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Overview of the Manitou Experimental Forest Observatory: Site description and selected science results from 2008-2013
Ortega, J., A. Turnipseed, J. Smith, A. Guenther, T. Karl, D. Day, D. Gochis, J. Huffman, A. Prenni, E. Levin, S. Kreidenweis, P. Demott, Y. Tobo, E. Patton, A. Hodzic, Y. Cui, P. Harley, R. Hornbrook, E. Apel, R. Monson, A. Eller, J. Greenberg, M. Barth, P. Campuzano-Jost, B. Palm, J. Jimenez, A. Aiken, M. Dubey, Chris Geron, J. Offenberg, M. Ryan, P. Fornwalt, S. Pryor, F. Keutsch, J. DiGangi, A. Chan, A. Goldstein, G. Wolfe, S. Kim, L. Kaser, R. Schnitzhofer, A. Hansel, C. Cantrell, AND R. Mauldin. Overview of the Manitou Experimental Forest Observatory: Site description and selected science results from 2008-2013. Atmospheric Chemistry and Physics Discussions. Copernicus Gesellschaft mbH, Gottingen, Germany, 14(12):6345-6367, (2014).
The Bio-hydro-atmosphere interactions of Energy, Aerosols, Carbon, H2O, Organics & Nitrogen (BEACHON) project seeks to understand the feedbacks and inter-relationships between hydrology, biogenic emissions, carbon assimilation, aerosol properties, clouds and associated feedbacks within water-limited ecosystems. The Manitou Experimental Forest Observatory (MEFO) was established in 2008 by the National Center for Atmospheric Research to address many of the BEACHON research objectives, and it now provides a fixed field site with significant infrastructure. MEFO is a mountainous, semi-arid ponderosa pine-dominated forest site that is normally dominated by clean continental air, but is periodically influenced by anthropogenic sources from Colorado Front Range cities. This article summarizes the past and ongoing research activities at the site, and highlights some of the significant findings that have resulted from these measurements. These activities include • soil property measurements, • hydrological studies, • measurements of high-frequency turbulence parameters, • eddy covariance flux measurements of water, energy, aerosols and carbon dioxide through the canopy, • determination of biogenic and anthropogenic volatile organic compound emissions and their influence on regional atmospheric chemistry, • aerosol number and mass distributions, • chemical speciation of aerosol particles, • characterization of ice and cloud condensation nuclei, • trace gas measurements, and • model simulations using coupled chemistry and meteorology. In addition to various long-term continuous measurement, three focused measurement campaigns have occurred since the site was established, and two of these are the subjects of this special issue: BEACHON-ROCS (Rocky Mountain Organic Carbon Study; 2010) and BEACHON-RoMBAS (Rocky Mountain Biogenic Aerosol Study; 2011).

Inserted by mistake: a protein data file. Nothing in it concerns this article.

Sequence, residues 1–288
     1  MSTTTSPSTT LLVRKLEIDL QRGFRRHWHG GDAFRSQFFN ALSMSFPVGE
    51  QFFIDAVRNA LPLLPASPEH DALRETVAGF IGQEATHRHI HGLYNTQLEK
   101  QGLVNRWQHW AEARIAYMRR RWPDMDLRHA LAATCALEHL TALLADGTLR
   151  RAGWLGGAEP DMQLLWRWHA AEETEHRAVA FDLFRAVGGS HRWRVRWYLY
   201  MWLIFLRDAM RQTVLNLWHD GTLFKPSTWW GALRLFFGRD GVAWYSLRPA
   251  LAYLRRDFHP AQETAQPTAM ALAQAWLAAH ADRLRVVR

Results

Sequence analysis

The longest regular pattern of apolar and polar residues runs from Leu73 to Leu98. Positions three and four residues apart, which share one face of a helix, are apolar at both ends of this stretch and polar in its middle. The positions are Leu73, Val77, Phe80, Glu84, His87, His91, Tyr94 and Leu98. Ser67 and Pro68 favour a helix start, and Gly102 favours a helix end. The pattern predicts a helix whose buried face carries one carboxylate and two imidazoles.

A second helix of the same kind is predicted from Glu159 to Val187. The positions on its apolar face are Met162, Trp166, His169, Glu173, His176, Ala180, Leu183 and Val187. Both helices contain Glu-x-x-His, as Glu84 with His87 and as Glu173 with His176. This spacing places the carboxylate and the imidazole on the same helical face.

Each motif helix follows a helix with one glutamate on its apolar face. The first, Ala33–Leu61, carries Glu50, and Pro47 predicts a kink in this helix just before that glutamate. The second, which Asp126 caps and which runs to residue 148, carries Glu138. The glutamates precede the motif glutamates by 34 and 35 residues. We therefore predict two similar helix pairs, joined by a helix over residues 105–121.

The National Exposure Research Laboratory’s (NERL’s) Human Exposure and Atmospheric Sciences Division (HEASD) conducts research in support of EPA’s mission to protect human health and the environment. HEASD’s research program supports Goal 1 (Clean Air) and Goal 4 (Healthy People) of EPA’s strategic plan. More specifically, our division conducts research to characterize the movement of pollutants from the source to contact with humans. Our multidisciplinary research program produces Methods, Measurements, and Models to identify relationships between and characterize processes that link source emissions, environmental concentrations, human exposures, and target-tissue dose. The impact of these tools is improved regulatory programs and policies for EPA.
URLs/Downloads:Atmospheric Chemistry & Physics Exit
FINAL FINAL -SUPPLEMENT.PDF (PDF,NA pp, 447.217 KB, about PDF)
FINAL FINAL MEFO_ACP685_JORTEGA_APRIL2014_.PDF (PDF,NA pp, 318.518 KB, about PDF)
Record Details:Record Type: DOCUMENT (JOURNAL/PEER REVIEWED JOURNAL)
Organization:U.S. ENVIRONMENTAL PROTECTION AGENCY
OFFICE OF RESEARCH AND DEVELOPMENT
NATIONAL EXPOSURE RESEARCH LAB
HUMAN EXPOSURE AND ATMOSPHERIC SCIENCES DIVISION
PROCESS MODELING RESEARCH BRANCH